Some women show up with the book. Others admit to not having read it. One arrives with a bridesmaid dress slung over her shoulder. She says she wants to try it on for all of us, so I show her the bathroom down the hall. Do we think she needs to get it hemmed, or can she make it work with a tall pair of heels? Everyone’s got an opinion, and a story about an alteration they paid for that was bad or expensive or both.
One woman starts in on a seamstress who charged far too much for far too little. As the story winds down, this woman leans over the salted almonds conspiratorially. “No offense,” she says, looking directly at me, “but she really jewed me.”
“I am offended,” I tell her, but saying the words out loud doesn’t begin to alleviate my confusion. I can’t believe there are people still saying this shit. That she knew I was Jewish and said it anyway. In my house. In 2015.
• • •
We move back to Richmond. I survey the new house, soften, tell Kevin he can put up a tree, string lights if he wants. Since it’s not my thing, I warn him that I won’t lead the charge, buy the tree, drag it home. Any pagan/Christian traditions we introduce into our home have to come from him, born out of his own personal desire to reconnect, if not with his faith then with the things that mattered to him as a kid.
Kevin barely looks up from whatever he’s reading. “I’m good.”
“You don’t miss the tree? The decorations?”
“I don’t want to be taking lights down in January.”
It’s one of the unsung benefits of being Jewish. Not standing on an exterior ladder, numb-knuckled and hungover, for several hours on the first of the year, the tree an oversized tumbleweed on the curb.
• • •
Jesse and Andrew, the rabbis, have moved out of state, but they return to Richmond for a visit with their twin boys in tow. Kevin and I serve a big brunch—no bacon—and the four of us sit around the dining room table, drinking coffee and watching our kids get to know each other. Their family exists because a woman in North Carolina was willing to serve as a surrogate, carrying their beautiful boys to term in the same womb where she once nurtured her own children. Ours exists because three separate women in three separate parts of the world made the decision to place their children for adoption. It’s a weird and wonderful fact that neither family would have existed a hundred years ago.
I start to clear the table, and Jesse follows me into the kitchen. Asks how the congregation is doing. “Truthfully,” I say, as I open the dishwasher and stack sticky plates, one next to the other, in the bottom rack, “I’m beginning to wonder if I should quit. It’s a lot of money.”
“Don’t give up on it,” he says.
I stand up straight, grab a handful of flatware from the sink. Do I dare tell him the truth? He’s our drinking buddy, but he’s also a man of faith. “Jesse, I don’t believe in God.”
“Oh Rachel, that’s half the congregation.”
• • •
In 2012, Gallup polled fifty-one thousand people in fifty-seven countries, asking them: “Irrespective of whether you attend a place of worship or not, would you say you are a religious person, not a religious person, or a convinced atheist?”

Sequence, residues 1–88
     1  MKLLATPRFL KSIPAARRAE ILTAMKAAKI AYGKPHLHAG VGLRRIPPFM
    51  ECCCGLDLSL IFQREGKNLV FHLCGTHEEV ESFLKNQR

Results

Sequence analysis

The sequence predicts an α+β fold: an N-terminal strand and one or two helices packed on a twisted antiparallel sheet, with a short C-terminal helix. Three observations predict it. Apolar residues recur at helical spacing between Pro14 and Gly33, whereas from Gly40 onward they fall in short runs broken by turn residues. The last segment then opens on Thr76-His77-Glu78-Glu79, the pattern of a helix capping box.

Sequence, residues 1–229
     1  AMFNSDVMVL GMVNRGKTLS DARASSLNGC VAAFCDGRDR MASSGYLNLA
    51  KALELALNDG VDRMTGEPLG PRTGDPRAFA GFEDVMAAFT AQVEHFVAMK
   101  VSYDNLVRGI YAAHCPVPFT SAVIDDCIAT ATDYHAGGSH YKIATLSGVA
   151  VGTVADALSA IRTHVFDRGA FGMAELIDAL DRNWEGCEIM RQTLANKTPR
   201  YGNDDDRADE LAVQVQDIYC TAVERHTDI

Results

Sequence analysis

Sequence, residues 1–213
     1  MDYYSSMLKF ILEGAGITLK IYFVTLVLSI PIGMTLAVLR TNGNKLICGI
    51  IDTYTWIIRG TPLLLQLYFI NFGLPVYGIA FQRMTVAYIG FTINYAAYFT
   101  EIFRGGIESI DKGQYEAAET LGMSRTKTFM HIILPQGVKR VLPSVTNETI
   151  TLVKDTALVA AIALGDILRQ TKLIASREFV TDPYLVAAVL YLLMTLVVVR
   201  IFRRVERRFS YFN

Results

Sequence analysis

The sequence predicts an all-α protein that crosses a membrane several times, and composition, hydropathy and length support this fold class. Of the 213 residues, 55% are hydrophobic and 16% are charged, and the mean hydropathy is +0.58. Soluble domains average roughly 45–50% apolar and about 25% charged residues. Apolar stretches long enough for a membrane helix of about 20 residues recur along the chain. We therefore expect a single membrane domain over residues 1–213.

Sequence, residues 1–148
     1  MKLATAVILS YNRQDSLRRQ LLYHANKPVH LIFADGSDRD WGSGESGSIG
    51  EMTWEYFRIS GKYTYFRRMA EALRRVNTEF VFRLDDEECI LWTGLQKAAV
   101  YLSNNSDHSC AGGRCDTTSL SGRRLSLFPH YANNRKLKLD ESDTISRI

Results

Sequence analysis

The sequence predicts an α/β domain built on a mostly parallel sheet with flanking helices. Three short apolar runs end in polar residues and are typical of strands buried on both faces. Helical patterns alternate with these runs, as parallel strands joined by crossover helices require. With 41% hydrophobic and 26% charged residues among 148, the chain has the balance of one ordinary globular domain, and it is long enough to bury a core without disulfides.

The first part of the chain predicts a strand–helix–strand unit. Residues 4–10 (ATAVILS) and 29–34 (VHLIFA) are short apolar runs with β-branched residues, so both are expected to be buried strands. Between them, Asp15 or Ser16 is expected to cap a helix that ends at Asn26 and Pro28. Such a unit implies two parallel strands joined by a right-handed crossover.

Among people who self-identified as members of a religious community, Jews were found to be the least religious. Of Jews, 54 percent said they weren’t religious, and 2 percent said they were atheists.
Since Judaism is both a religion and an ethnicity, scholars suggest it is possible to be both ethnically Jewish and religiously atheist.
This sounds pretty good to me. Except I’ve got three kids who aren’t ethnically Jewish. If I don’t raise them to be religiously Jewish, then where am I leaving them?
• • •
I contact the temple’s office and ask if I can change the payment method on file.
“Do you accept credit cards?” I ask.
It has occurred to me that if I’m going to pay all these fees, I should be earning the air miles.
• • •
My grandmother dies on the eighth of December, and by the time her five children descend on the assisted living community where my grandparents lived together, it is Hanukkah.
In an effort to capture some semblance of normalcy, my mother and her siblings light the menorah and say the Hanukkah blessing. Baruch atah, Adonai Eloheinu, Melech haolam, asher kid’shanu b’mitzvotav v’tsivanu l’hadlik ner shel Hanukkah.
“You’re saying it wrong,” says my aunt.
“How do you say it?” one of them asks.
They go around the table, reciting the same blessing they all learned as kids. Every single one of them says it differently.
My mother texts me a video. In it, my aunts and uncles are doubled over, laughing at their religiosity, or lack thereof. “You can’t even recognize Woody’s version,” my mother writes.
The video is heartwarming. It’s good to see my mother and her siblings together, funny to watch them realize they’ve all taught these mutated versions of the blessing to their own children, who have in turn passed them on to their partners and kids. It’s Judaism reduced to a giant game of telephone.
• • •
There are plenty of studies that say it’s good for children to be raised with religion. Kids who believe in something display signs of improved mental health, demonstrate stronger self-control, and react more positively to discipline.
There are also lots of studies that say that the abovementioned studies are crap, and that kids raised without religion are more generous and empathetic and a whole lot more likely to be able to distinguish fantasy from reality.